Chef, airplane mechanic and construction worker: these are just a few of the career paths that Haneef Brown dabbled in and aspired to throughout his life.
The 32-year-old was working to find his place in the world. His life aspirations shifted frequently, but he was always working towards something.
“He flopped in and out on things. He kind of looked down on himself because of it,” Terrence Brown, Haneef’s father, said. “He would do things and everybody loved him and he would change his mind and try something else.”
Haneef was still looking for his proudest moment when his life was taken. He died on March 18, 2017 in East Mount Airy.
Even when he was growing up, he was always involved with different activities. Piano lessons, youth football for the South Philly Sigma Sharks, cub scouts, karate and track are just some of the things Terrence recalls his son being involved with. Even in his adult life, he continued to be active in his community, coaching little league football for almost 10 years.
“He had a heart of gold,” Terrence said. “He would basically do anything for anybody.”
His father remembers a time when a girl was crying on the street. Haneef gave the girl his money to help her out.
“He said to me, “Dad, she needed it more than me.”
Another time, Haneef facetimed with a woman at church because she was unable to attend service. He was the kind of man that trusted people and wanted to help in any way he could.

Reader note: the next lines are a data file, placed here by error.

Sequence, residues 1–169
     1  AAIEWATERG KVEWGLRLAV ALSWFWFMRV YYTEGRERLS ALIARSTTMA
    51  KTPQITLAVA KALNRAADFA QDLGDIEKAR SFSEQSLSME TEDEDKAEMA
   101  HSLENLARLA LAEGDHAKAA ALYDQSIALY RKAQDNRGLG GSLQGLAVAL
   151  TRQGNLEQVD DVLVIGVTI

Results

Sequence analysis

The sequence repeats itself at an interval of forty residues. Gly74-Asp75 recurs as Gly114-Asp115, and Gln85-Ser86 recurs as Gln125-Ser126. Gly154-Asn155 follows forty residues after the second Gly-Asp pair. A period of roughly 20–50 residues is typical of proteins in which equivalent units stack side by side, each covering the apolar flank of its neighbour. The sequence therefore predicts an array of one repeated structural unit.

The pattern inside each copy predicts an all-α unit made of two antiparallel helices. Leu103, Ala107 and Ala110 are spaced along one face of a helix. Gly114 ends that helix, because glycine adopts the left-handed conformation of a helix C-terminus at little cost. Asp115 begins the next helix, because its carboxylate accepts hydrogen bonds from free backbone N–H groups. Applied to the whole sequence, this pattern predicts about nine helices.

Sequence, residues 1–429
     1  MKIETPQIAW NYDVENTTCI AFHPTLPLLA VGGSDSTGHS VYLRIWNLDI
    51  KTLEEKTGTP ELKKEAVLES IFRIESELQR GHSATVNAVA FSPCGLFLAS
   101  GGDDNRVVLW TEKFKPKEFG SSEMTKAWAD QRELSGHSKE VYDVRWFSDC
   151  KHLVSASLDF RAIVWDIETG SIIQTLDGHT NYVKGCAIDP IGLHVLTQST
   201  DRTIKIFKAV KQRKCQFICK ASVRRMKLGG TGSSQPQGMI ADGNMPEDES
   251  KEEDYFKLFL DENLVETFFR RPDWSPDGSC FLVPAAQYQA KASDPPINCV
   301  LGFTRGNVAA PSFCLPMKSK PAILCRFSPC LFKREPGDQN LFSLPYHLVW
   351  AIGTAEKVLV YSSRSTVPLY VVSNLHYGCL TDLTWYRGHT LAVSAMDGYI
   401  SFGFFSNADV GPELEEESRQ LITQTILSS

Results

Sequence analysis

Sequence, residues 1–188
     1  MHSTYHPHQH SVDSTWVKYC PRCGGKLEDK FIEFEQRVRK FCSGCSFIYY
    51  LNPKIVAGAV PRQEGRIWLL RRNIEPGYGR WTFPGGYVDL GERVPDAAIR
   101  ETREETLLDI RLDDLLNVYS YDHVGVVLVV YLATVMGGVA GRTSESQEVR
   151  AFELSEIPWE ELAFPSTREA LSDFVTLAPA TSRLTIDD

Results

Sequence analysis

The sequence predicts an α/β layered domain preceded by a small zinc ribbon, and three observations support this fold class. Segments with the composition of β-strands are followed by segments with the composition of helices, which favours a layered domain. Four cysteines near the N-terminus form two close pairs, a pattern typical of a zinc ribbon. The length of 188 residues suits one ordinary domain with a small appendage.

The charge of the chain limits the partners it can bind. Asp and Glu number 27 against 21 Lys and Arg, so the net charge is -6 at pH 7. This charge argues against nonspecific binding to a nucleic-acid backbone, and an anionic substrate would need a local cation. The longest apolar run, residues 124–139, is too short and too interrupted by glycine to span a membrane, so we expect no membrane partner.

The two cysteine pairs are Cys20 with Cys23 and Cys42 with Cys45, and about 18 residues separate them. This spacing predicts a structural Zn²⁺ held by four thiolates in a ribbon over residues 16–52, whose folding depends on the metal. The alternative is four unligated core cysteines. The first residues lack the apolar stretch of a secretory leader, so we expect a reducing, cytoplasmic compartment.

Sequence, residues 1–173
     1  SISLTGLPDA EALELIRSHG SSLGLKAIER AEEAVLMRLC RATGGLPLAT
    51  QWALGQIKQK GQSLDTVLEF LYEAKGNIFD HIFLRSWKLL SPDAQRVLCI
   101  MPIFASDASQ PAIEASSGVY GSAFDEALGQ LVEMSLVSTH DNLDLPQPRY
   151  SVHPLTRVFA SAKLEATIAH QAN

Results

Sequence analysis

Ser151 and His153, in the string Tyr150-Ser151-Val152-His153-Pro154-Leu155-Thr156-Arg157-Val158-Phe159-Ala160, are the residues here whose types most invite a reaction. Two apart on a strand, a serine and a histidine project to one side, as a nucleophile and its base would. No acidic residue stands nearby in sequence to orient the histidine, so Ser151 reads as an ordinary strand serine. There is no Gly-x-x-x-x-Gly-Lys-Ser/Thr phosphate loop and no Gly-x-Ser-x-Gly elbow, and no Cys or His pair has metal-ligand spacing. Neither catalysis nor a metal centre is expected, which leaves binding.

“There was nothing you could say bad about him.”
Whether he was wrapping presents in newspaper when they were tight on money, or simply getting together with his family, he was always a caring person. The last exchange Terrence had with his son was, “I love you, man.”
“I can’t shake the way that I feel… I’m a problem solver and this is a problem I can’t solve.” Terrence said. “I wish I didn’t have to accept it. I wish I could turn back the hands of time. I still wait for him to call me.”
Looking back on the 32 years he had with Haneef, Terrence recalled some of his favorite memories. Haneef was a genuine person, but was a “big baby” who was always “real sensitive.”
When he was a kid, Haneef wanted to watch the Stephen King movie, “It,” about an evil clown. While his dad said, “no man, it’s too scary,” Haneef didn’t listen. Terrence had left the house to run an errand, and when he returned, his son was terrified.
“At the end I couldn’t move anywhere. I said to him, ‘I told you not to see that movie, I told you.'”
In his adult life, Haneef liked to play video games and watch shows like “Game of Thrones” and “Breaking Bad.”